Feminism and Processed Food: Friends or Enemies?
What now? Is that title correct? Could I possibly post an article about TV-dinners on a blog where we cover international issues including abortion access, maternal mortality, and the intersection of organized religion and feminism? Why, yes I can. When one half of the population is associated with a particular room in the house, I’m referring to women and the kitchen, it means that we will never escape the connection, for better or worse. I’ve written before about Food & Feminism: it’s a connection I continue returning to over and over again. We can empower women (and men) to earn a living wage by buying Fair Trade food. Many feminists who choose a vegan or vegetarian diet do so in order to abstain from what they consider a destructive and imbalanced system of power similar to one that regards women as lesser citizens.
Although I try to avoid sweeping generalizations, I think it’s safe to say that globally, women are primarily responsible for preparing meals at home. (Insert reader comments to the contrary here.) With the introduction of processed food, ranging from bread with more preservatives to make the loaf last longer to a fully prepared, microwaveable meal, food preparation time has been reduced, leaving the women responsible for preparing meals with more time to pursue other endeavors, namely education or full-time employment. When you conjure images of a feminist revolution, you might think of a burning bra or a burqa. I think of a microwave: a lowly 800-watt appliance that brought freedom to millions. So why aren’t feminists universally praising the hyper-influx of processed food into our diet?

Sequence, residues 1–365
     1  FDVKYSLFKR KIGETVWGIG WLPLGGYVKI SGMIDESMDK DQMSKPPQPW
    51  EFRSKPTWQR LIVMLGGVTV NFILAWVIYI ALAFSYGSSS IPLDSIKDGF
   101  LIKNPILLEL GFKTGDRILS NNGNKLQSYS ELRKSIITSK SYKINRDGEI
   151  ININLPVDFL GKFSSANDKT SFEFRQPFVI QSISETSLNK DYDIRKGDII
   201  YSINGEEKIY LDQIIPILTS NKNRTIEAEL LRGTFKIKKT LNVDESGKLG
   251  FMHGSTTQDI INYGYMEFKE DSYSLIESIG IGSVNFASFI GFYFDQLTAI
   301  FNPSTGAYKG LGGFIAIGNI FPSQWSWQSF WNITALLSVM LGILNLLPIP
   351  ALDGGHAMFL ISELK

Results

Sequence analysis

A friend of mine once described food, for all the joy it can bring, as “the intersection of all the -isms: classism, sexism, racism, etc.” Most women (and men) do not have the option to buy processed food at their local grocery store; they must prepare meals from the food available to them. For those of us who do, however, there are conflicting messages about the importance and safety of some of these foods. For those who do favor convenience, and low price, over purity, there are a myriad of health problems to worry about. From birth complications for obese mothers to the myriad of health problems to be expected from artificial sweeteners, we have much to fear in our convenient food.
Well, it’s easy enough to buy some fresh food, no? No. There aren’t too many CSA (Community Supported Agriculture) programs in low-income neighborhoods, save this new initiative in Hunt’s Point, the poorest zip code east of the Mississippi. (A CSA program is one in which individual people purchase “shares” in the harvest from a farm, and then have fresh produce delivered to their homes on a regular basis. They generally reduce the price of produce, especially organic produce.) As corporate food manufacturers drive down the production price of staple foods like potatoes and meat, food stamps stretch farther with cookies than carrots. It’s easy to cook fresh food if you have the financial stability to purchase and prepare it, like this woman living in affluent Westchester county New York who quipped, “I no longer feel as though I’m letting my feminist forebearers down. Being in the kitchen, with Dad too, is no longer being trapped; it’s quite the opposite.”
So while processed food may have saved some of us time in the kitchen, and put more food on some of our tables, it has also sickened and weakened us. What should we do? Those of us with the time, money, land, and entrepreneurial attitude might do just what this 14-year-old Michigan girl did: start your own farm and/or CSA. As for the rest of us, well, frankly my first instinct is always to insist that corporations swallow the losses while producing cheaper goods without exploiting the laborers used to produce them. Any other ideas?